Whether you've just purchased a printable from my Etsy shop, or you're using one of my free downloads, these tips will help you to get the most out of your printables.
Choosing the right card or paper
The first thing to think about is the paper that you're going to print on. The quality, thickness and texture of the paper you choose will make a massive difference to the final print result.
Generally, thick card and textured card will give more professional results and is best suited to display items such as posters, wall art or positive affirmation cards. For more practical printable items, such as the printable planners or challenge trackers, standard quality printing paper will be just fine.
A note on paper density:
Paper density is measured in GSM, which stands for grams per square meter - the higher the GSM the thicker and heavier the paper will be.
As a rough guide, standard printing paper for everyday use is around 80 gsm. 120 gsm would be more high quality paper - the sort of paper you'd use for presentation items such as a CV, flyer, leaflet, or perhaps even a poster. When we get to around 160 gsm, this is what is categorised as 'cardstock'. At 160 gsm this will be thin and light-weight card. For more sturdy card you'd need a paper thickness of around 250 gsm or higher.
It's important to be aware of the limitations of your home printer - a lot of home printers will start to struggle to handle the thickness of the card at around 300 gsm, perhaps even slightly lower - so be sure to check the specification and capabilities of your printer before purchasing thick cardstock!
Below are some paper and card options you may like to consider for your home printables.
270 gsm 'hammer' textured card
The positive affirmation cards pictured below have been printed on 270 gsm cardstock from Paperchase. This card is thick and strong, with a beautiful 'hammer' textured finish.
As mentioned above, please check the specification and capabilities of your printer before purchasing, as some home printers may struggle with the thickness of this card. My own home printer says that it accepts a maximum paper weight of 300 gsm. However, it definitely struggled a little with this 270 gsm paper. I got there eventually - and the final print result was lovely - but I did have to manually apply a small amount of pressure to feed the paper into the printer!
216 gsm 'canvas' textured card
The posters pictured below have been printed on 216 gsm 'canvas' textured card from Papermania.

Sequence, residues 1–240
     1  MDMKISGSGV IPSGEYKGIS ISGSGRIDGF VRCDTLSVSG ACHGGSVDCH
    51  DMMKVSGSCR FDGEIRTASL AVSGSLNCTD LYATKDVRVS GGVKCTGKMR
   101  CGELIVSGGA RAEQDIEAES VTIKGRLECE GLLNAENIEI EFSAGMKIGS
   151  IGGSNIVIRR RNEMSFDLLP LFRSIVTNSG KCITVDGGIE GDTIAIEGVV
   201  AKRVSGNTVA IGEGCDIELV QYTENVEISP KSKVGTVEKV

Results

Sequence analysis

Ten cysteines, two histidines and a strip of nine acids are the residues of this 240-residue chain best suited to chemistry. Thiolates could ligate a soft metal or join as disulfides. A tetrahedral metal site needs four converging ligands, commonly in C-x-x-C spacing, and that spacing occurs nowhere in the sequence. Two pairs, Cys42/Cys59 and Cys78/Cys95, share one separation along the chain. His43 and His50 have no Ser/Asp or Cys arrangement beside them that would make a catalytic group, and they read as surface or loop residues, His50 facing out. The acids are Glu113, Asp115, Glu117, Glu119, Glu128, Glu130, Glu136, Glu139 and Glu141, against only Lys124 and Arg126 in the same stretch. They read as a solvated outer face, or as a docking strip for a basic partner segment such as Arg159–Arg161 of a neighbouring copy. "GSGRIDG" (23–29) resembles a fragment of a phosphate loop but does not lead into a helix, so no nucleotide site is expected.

This card is not quite as thick as the hammer textured card from Paperchase, so it should fit easily through most home printers with no problems at all. It has a lovely traditional 'canvas' texture to it, resulting in a retro-style printout, which looks almost as if it could have been hand painted.
Adjust your print quality settings
To get the best quality print out of your printer, remember to change your print settings, depending on what you're printing.
The exact options available will vary between printer makes and models - but in your printing preferences you will more than likely have a 'print quality' option, where you can choose between 'draft,' 'standard,' or 'high.'
For display items such as wall art or positive affirmation cards you'll probably want to choose the highest possible print settings - this will result in a slow printing speed which uses up a lot of ink - but you'll get the best possible print quality, with sharp and vibrant colours.
For things like worksheets, planners and challenge trackers the print quality is perhaps not quite so important - so the 'standard' setting, or perhaps even the 'draft' setting will be just fine, and will save you some ink.
You may wish to do a quick draft print on cheap, thin paper, using the lowest quality 'draft print' setting first.
This way, you can double-check that everything on your printable comes out as expected before using up your probably much more expensive, high quality printing paper or cardstock!
Cutting your printables
Some of the printables I have in my Etsy shop and in the free printables vault will require cutting. The positive affirmation cards for example - these are designed to print out either 4 per sheet or 8 per sheet, and then you'll then have to cut the cards out.
The most obvious way to cut the cards out is with a pair of sharp scissors - however, even with the utmost care, it's surprisingly challenging to cut a dead straight line with a pair of scissors!
For a more professional - and dead straight - cut I'd recommend using a paper cutter, such as the one I'm using in the picture below - a Firbon A4 paper cutter purchased from Amazon.
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